Michelle Vranizan Rafter’s blog has a great post
entitled “Freelancers’ Strategies for Prospering in Bad Times.” Although my sense is that most translators are not feeling the hit of the economic downturn, this post has some very useful information for growing your freelance business under any circumstances; even a beginning freelance translator could apply this information to get established, and for those of us who are already in the business, it’s always good to be reminded about the importance of continuous marketing.
The advice in this blog post reminded me of an interview with noted financial translator Chris Durban that appeared on Business Week’s website in 2004. I like to hear Chris Durban’s thoughts about pretty much anything (her “Onionskin” column is the first thing I read in every issue of the ATA Chronicle), but I thought that her comments about marketing were particularly insightful. Chris’ interview and Michelle Rafter’s blog post point out what I see as critical marketing errors on the part of many freelance translators:
- Living by the computer alone. I’ll second the person in Michelle’s blog post who said that most of their best clients have come through in-person meetings or personal referrals. I actually met one of my biggest clients in the hallway at an ATA conference, and I find that I have a closer rapport with clients who I’ve met in person and cultivated a relationship with. In addition, I think that high-value clients, those who either pay very well or have a large volume of work, are much more likely to trust someone they have met in person. So, every once in a while (or even more often!), shut off the computer and talk to some live people. Attend an ATA or local chapter event, join your local Chamber of Commerce, go to a freelancers’ group potluck, attend a trade show for your specialization.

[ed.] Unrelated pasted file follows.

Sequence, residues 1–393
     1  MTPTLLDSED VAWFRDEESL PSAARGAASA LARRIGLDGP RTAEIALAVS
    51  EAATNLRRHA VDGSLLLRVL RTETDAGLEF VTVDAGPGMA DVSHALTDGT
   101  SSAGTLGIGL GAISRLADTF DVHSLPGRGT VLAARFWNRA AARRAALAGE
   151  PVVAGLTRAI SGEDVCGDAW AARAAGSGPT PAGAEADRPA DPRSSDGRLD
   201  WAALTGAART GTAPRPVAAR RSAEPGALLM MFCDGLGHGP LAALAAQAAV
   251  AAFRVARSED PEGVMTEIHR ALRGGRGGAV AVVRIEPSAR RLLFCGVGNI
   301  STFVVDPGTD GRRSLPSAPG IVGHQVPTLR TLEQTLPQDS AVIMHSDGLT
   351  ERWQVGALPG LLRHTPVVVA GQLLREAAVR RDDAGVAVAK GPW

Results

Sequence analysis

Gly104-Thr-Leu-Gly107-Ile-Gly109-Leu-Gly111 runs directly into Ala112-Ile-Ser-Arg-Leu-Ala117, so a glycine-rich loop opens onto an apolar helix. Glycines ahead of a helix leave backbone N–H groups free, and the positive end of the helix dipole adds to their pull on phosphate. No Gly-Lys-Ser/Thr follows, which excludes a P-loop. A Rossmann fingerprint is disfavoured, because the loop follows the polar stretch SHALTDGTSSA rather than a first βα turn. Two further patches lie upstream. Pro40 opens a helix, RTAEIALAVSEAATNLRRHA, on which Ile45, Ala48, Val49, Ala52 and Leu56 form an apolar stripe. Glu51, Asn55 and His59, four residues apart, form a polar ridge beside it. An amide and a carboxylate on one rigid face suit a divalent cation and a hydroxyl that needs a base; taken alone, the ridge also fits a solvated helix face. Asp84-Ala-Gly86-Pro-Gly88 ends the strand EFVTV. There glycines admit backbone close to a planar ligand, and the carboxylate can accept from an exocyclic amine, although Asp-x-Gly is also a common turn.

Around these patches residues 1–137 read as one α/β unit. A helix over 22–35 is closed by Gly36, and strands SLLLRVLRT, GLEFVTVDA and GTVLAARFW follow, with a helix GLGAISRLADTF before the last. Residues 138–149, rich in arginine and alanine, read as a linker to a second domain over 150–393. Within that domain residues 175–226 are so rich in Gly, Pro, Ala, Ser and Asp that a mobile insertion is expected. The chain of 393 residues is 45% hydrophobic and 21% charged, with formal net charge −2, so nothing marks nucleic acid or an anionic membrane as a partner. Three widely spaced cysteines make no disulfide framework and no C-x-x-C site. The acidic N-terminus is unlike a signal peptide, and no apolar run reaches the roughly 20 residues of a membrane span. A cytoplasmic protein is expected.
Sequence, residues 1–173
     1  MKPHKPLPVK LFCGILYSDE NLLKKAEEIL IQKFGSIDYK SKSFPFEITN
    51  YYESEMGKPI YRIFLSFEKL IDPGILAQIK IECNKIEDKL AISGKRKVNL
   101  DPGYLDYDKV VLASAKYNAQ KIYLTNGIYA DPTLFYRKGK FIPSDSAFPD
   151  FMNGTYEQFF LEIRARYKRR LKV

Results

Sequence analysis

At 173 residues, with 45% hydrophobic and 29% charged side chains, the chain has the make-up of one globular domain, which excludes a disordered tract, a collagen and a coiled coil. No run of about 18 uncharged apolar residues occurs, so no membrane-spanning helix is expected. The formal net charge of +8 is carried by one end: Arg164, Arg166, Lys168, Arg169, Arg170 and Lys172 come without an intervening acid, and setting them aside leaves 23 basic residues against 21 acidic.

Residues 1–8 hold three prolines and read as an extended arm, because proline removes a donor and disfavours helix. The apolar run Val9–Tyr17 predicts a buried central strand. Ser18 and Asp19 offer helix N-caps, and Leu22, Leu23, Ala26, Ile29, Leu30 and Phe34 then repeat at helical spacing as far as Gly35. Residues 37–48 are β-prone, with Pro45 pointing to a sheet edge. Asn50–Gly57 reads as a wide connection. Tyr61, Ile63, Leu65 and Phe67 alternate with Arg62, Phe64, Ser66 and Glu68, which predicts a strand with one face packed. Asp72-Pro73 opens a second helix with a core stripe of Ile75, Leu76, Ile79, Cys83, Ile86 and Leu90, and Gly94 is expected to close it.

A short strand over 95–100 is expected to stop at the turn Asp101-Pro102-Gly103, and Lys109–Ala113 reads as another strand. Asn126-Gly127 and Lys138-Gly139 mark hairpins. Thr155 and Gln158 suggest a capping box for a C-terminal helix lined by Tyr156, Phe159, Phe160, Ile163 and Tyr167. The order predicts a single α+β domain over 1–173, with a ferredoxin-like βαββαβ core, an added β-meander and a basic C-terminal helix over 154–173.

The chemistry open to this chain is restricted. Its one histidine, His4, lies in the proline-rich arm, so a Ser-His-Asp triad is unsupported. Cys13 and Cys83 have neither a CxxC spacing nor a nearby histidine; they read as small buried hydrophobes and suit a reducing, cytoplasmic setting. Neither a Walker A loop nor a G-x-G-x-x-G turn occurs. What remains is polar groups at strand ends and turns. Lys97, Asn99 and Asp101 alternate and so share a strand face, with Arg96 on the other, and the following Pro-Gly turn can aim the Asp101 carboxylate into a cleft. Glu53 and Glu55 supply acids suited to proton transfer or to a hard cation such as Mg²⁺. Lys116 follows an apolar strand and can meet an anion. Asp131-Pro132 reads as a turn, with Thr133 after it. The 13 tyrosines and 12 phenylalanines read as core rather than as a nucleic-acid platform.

- Competing on price alone. I think that many translators do this simply because they can’t think of a way not to; they automatically assume that if they need more work and the going rate for their language is X cents per word, if they charge X-2 cents, they’ll stand out. There are a few problems with this. First, I think that many quality-conscious clients are skeptical about translators who charge low rates, feeling that there must be some reason why the person is willing to work for so little. Second, I think that most translators do a better job when they feel that they are being paid fairly, and that the reverse is true as well. Third, I think that competing on price sets up a negative dynamic between the client and the translator, where the client’s view of the translator is as a commodity provider. Lastly, racing to the bottom is a losing battle; there will always be someone willing to work for one cent less. Rather than competing on price, charge what you feel your work is worth and compete on quality and service.
- Resting on laurels. No question, the translation industry is booming, and most established translators are not hurting for work. However, many of us also rely on steady flows of work from regular clients, each of whom may provide 30%, 50% or more of our yearly income. It’s important to have a plan for what happens if one of these relationships dries up. Instead of assuming that you’ll be happily translating away for your current clients indefinitely, always be thinking of who your next clients will be and how you will market to them.